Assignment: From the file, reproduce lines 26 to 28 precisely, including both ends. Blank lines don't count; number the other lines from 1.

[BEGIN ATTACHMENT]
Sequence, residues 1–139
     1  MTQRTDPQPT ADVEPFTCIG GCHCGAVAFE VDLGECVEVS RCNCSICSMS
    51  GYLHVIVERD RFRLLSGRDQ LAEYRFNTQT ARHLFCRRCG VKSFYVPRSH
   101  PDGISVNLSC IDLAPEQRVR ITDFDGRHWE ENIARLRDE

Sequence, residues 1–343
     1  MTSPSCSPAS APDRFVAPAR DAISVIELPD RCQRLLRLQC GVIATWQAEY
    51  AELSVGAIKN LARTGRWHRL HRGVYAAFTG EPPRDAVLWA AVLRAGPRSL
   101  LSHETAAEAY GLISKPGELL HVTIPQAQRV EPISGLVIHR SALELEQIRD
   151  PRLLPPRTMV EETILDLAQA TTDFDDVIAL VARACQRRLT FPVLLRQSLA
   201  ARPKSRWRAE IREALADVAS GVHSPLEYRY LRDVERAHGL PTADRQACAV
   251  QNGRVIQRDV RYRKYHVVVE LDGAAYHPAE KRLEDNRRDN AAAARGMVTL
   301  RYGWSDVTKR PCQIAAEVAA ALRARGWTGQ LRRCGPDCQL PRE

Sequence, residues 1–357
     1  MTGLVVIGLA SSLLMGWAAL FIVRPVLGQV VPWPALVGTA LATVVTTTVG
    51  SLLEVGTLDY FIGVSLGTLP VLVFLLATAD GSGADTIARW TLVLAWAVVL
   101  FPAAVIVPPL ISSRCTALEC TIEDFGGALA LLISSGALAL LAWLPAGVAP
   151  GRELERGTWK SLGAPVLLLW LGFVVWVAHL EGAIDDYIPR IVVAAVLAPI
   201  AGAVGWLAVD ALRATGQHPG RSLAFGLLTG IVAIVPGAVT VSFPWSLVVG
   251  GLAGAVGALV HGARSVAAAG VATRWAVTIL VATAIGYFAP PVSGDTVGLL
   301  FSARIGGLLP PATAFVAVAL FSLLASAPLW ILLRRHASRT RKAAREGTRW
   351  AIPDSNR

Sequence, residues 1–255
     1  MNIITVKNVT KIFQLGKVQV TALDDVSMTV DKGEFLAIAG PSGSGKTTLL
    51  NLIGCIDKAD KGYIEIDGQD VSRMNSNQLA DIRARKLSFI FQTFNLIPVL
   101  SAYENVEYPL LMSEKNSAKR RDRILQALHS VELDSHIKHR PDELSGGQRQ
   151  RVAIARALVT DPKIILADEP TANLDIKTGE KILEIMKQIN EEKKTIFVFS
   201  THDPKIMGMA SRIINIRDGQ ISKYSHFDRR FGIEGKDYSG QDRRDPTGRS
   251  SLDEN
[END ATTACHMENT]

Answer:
   151  RVAIARALVT DPKIILADEP TANLDIKTGE KILEIMKQIN EEKKTIFVFS
   201  THDPKIMGMA SRIINIRDGQ ISKYSHFDRR FGIEGKDYSG QDRRDPTGRS
   251  SLDEN